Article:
...To put it mildly.
My view of Oracle and User Experience has changed drastically today. I attended the Fusion Apps User Experience training with a couple of other Ace Directors that are at Kaleidoscope 2011 in Long Beach.
Companies buy Enterprise applications for support of their business. This is different than consumer facing applications like Amazon or Facebook; in Enterprise applications, users need to be able to accurately and efficiently complete their tasks. Fusion applications enables this because it takes the context of the user/customer into account. The business context consists of four things:
- Who you are
- What you are doing
- Where you are
- What information you need to complete the task
Instead of looking at the data and generating a lot of screens on top of those data, Oracle has done extensive research to define the roles and persona's, the processes and tasks that need to be supported and the requirements these different users have.
They applied various user experience techniques like contextual inquiry, persona's and scenario's, card sorting, tasks analysis and qualitative methods like eye tracking and keystroke level modeling.
Analysis and modeling
This research resulted in prototypes and different solutions.
There are four key concepts in fusion apps:
- The right information at the right time. The information that is needed for a task is present, so the user does not have to navigate out of a screen to get to required information. Analysis of what information is needed at what time is key here. There are different patterns that are applied: showing information when hovering over an item, context sensitive actions that are available when clicking on an item, etc etc.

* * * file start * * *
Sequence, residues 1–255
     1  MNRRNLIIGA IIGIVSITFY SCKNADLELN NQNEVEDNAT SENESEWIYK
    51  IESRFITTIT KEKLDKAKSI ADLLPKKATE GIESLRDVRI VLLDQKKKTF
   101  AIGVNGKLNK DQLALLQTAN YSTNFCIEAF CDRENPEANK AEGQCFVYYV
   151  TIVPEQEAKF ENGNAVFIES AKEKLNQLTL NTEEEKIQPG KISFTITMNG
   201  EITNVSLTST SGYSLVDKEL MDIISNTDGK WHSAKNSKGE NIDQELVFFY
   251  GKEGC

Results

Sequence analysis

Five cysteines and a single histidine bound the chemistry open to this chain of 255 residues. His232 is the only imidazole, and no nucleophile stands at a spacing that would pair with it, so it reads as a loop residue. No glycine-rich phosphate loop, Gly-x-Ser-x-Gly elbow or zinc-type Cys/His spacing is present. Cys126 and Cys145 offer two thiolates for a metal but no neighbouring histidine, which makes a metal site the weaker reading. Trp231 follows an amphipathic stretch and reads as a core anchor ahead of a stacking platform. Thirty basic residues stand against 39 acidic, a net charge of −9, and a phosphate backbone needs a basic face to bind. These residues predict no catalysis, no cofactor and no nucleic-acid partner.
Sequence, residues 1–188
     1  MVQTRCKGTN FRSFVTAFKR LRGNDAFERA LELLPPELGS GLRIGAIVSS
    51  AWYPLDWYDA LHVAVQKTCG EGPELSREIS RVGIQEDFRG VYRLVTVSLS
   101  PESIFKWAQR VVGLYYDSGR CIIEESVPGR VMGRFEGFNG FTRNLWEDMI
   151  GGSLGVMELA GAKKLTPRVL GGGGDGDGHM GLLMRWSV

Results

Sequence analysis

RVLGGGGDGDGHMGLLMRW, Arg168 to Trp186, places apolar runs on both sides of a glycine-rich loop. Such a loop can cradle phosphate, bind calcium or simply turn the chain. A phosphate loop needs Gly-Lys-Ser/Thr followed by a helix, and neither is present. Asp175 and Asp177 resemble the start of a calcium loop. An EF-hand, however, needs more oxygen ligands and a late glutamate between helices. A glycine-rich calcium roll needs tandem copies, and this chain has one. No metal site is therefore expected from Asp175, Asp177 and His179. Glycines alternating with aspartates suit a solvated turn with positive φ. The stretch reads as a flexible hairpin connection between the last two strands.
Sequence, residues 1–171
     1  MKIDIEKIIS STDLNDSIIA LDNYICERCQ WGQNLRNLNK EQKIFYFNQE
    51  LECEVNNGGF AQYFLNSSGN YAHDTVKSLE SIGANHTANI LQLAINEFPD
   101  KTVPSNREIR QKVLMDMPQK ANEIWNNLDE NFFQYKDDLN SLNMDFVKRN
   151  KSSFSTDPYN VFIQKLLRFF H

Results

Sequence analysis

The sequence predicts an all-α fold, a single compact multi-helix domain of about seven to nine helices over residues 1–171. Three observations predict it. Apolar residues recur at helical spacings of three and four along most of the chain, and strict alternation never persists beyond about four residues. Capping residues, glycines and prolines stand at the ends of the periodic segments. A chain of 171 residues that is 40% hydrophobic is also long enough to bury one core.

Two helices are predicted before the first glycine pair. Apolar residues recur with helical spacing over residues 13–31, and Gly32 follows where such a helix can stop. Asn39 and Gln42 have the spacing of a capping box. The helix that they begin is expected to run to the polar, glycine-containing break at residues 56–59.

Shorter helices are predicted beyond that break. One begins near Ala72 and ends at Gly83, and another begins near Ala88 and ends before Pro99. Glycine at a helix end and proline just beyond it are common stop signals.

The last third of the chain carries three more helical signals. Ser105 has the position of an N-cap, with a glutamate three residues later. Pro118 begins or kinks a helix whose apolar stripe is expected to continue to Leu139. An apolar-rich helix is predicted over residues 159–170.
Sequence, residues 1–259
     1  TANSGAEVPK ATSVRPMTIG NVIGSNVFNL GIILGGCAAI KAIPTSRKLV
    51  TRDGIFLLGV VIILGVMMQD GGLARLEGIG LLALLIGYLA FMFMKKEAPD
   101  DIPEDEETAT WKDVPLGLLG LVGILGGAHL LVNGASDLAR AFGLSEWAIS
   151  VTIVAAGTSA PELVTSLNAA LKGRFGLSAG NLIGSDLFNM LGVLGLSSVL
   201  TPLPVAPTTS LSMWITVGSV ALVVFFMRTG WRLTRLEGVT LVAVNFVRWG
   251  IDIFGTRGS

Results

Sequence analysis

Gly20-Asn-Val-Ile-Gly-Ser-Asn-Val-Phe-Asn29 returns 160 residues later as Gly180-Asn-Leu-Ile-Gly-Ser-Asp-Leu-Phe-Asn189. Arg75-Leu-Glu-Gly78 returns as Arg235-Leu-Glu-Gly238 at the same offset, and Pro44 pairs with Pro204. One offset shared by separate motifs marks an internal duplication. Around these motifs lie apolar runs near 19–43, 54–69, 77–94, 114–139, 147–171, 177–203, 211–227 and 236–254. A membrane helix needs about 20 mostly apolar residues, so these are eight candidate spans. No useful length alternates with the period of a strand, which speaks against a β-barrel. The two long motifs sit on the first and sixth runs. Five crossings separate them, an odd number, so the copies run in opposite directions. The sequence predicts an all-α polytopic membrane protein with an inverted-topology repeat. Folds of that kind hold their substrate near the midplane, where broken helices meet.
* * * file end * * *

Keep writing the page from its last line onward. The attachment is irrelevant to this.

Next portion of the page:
- Different types of navigation: search, dashboards, worklists (to-do lists), watch lists and bookmarks are examples of this. This caters different user preferences, and different types of tasks at different times.
- Collaboration and communication. People are a source of information, just like stored data. So collaboration and communication are an integral part of the fusion apps experience.
- Increased productivity and ease of use. By analyzing tasks, the actual productivity of the users is increased considerably.
The results were tested with customers to make sure that it actually increased the productivity and the overall experience.
The approach Oracle took is very much task oriented with an emphasis on task analysis and quantitative research. This makes sense, considering the earlier statement about enterprise applications and the need to support the claims with data.
However, in addition to that, adding concepts like persuasive design into the mix to actually influence users in an organization would make it even more compelling. This is particularly true for areas like CRM or the so-called 'self service' or employee tasks like filling out expense reports, questionnaires, and updating resumes.
As I said in the beginning of this blog, my view of Oracle User Experience has changed drastically today. I think the Fusion apps people have solved the 'silo' problem that traditional ERP and CRM systems have. They did this by applying user centered design principles and of course have the architecture setup in a way that is supports this.
I look forward to hearing more from fusion apps in general and from this group in particular!